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ERIC Number: EJ864479
Record Type: Journal
Publication Date: 2009-Jul
Pages: 9
Abstractor: As Provided
Reference Count: 0
ISBN: N/A
ISSN: ISSN-0898-929X
Sequence Learning Is Preserved in Individuals with Cerebellar Degeneration when the Movements Are Directly Cued
Spencer, Rebecca M. C.; Ivry, Richard B.
Journal of Cognitive Neuroscience, v21 n7 p1302-1310 Jul 2009
Cerebellar pathology is associated with impairments on a range of motor learning tasks including sequence learning. However, various lines of evidence are at odds with the idea that the cerebellum plays a central role in the associative processes underlying sequence learning. Behavioral studies indicate that sequence learning, at least with short periods of practice, involves the establishment of effector-independent, abstract spatial associations, a form of representation not associated with cerebellar function. Moreover, neuroimaging studies have failed to identify learning-related changes within the cerebellum. We hypothesize that the cerebellar contribution to sequence learning may be indirect, related to the maintenance of stimulus-response associations in working memory, rather than through processes directly involved in the formation of sequential predictions. Consistent with this hypothesis, individuals with cerebellar pathology were impaired in learning movement sequences when the task involved a demanding stimulus-response translation. When this translation process was eliminated by having the stimuli directly indicate the response location, the cerebellar ataxia group demonstrated normal sequence learning. This dissociation provides an important constraint on the functional domain of the cerebellum in motor learning.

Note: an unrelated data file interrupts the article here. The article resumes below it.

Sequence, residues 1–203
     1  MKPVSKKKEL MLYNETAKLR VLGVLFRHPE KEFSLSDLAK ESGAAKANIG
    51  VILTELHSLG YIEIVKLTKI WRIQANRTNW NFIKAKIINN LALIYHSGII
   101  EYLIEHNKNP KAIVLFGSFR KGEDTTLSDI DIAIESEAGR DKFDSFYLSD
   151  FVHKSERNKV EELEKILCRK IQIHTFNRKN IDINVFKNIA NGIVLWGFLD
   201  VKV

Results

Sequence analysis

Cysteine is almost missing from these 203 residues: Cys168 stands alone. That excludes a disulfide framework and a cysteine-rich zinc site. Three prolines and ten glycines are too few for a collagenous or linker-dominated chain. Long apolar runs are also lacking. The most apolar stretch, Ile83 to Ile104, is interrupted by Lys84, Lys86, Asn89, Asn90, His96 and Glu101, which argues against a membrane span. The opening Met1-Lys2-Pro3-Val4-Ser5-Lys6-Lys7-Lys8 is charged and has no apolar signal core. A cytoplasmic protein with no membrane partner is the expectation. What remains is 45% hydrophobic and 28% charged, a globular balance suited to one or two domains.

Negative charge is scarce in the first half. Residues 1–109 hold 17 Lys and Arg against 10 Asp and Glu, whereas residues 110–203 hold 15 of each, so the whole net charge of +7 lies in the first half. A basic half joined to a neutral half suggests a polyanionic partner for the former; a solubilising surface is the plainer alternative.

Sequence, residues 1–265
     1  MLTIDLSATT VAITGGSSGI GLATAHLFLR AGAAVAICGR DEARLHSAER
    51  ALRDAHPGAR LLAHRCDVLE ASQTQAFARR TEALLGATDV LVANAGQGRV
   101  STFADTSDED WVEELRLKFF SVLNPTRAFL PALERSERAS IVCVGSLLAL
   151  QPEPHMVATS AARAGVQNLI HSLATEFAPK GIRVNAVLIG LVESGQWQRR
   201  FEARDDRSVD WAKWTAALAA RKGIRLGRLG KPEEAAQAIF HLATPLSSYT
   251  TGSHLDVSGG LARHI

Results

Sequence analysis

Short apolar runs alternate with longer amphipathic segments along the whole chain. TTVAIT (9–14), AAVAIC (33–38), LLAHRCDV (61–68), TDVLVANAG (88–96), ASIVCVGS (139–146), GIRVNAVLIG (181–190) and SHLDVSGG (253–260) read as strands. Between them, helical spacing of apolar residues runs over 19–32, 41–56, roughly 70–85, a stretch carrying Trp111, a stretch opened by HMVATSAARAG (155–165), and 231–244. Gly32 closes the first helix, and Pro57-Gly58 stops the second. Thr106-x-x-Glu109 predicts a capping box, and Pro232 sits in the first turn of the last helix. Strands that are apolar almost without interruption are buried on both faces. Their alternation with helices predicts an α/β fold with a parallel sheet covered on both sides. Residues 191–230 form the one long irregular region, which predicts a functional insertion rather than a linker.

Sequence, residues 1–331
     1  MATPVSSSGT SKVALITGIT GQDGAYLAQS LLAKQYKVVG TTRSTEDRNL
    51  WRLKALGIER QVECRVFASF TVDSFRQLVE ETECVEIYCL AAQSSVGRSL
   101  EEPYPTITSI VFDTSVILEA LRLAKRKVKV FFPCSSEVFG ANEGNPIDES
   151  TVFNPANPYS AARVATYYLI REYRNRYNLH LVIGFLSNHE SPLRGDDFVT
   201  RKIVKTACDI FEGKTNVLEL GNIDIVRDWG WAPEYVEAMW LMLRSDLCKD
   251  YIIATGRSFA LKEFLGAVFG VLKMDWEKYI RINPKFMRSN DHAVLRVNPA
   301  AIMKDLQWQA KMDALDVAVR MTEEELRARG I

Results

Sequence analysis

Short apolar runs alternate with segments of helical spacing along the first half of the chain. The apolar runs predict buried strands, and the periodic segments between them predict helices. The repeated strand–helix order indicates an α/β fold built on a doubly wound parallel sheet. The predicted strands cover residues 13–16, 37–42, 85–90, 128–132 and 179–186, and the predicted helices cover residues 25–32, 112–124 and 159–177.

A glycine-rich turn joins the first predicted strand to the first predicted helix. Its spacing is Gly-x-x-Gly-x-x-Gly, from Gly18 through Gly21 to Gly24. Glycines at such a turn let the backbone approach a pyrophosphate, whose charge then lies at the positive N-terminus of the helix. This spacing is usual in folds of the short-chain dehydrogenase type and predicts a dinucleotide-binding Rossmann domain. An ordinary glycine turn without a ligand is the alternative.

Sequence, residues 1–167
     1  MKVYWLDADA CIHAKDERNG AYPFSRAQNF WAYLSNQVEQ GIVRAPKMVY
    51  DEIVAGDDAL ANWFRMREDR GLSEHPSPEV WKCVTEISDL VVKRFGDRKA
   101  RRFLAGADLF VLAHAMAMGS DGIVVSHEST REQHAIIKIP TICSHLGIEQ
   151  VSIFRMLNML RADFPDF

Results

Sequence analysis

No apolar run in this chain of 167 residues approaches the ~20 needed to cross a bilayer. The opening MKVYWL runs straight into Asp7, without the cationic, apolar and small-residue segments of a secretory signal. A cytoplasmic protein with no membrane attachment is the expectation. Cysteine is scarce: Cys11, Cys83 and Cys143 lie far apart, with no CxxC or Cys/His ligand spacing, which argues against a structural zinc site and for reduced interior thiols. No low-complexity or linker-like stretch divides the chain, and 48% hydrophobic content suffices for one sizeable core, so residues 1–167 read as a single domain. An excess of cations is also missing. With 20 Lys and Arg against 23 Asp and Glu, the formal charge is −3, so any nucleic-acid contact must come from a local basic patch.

MIT Press. Circulation Department, Five Cambridge Center, Cambridge, MA 02142. Tel: 617-253-2889; Fax: 617-577-1545; e-mail: journals-orders@mit.edu; Web site: http://www.mitpressjournals.org/loi/jocn
Publication Type: Journal Articles; Reports - Research
Education Level: N/A
Audience: N/A
Language: English
Sponsor: N/A
Authoring Institution: N/A